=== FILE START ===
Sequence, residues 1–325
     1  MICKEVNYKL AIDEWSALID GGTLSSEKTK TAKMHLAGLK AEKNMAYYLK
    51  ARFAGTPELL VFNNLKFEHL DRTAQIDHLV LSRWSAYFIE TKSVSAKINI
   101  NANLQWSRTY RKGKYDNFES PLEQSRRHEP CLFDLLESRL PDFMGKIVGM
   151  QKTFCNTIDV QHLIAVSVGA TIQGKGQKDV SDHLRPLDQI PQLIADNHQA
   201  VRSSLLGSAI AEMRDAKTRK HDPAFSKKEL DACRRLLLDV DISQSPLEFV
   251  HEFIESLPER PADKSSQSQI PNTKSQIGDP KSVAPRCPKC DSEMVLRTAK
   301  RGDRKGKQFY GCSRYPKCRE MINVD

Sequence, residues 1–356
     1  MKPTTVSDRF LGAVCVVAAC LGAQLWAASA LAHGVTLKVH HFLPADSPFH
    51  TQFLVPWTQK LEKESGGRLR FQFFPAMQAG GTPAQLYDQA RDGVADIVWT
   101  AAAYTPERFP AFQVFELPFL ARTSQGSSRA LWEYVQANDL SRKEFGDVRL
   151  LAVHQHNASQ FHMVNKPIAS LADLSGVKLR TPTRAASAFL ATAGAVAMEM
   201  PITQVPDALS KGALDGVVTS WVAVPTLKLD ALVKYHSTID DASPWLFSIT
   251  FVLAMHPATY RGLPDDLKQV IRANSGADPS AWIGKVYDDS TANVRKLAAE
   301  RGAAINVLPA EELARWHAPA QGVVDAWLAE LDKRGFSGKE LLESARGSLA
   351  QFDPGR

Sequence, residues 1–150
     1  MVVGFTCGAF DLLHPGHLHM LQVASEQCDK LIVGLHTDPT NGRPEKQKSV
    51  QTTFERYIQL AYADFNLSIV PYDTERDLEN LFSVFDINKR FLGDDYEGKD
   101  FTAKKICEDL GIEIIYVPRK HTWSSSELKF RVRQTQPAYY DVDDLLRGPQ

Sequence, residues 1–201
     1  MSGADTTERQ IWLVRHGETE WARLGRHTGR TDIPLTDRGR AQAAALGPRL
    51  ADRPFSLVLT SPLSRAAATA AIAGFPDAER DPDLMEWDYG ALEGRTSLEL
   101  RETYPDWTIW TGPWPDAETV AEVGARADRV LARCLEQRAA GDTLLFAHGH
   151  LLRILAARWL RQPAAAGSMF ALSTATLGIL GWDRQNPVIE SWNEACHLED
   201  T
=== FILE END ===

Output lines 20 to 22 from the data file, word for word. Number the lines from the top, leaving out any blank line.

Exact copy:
    51  QTTFERYIQL AYADFNLSIV PYDTERDLEN LFSVFDINKR FLGDDYEGKD
   101  FTAKKICEDL GIEIIYVPRK HTWSSSELKF RVRQTQPAYY DVDDLLRGPQ

Sequence, residues 1–201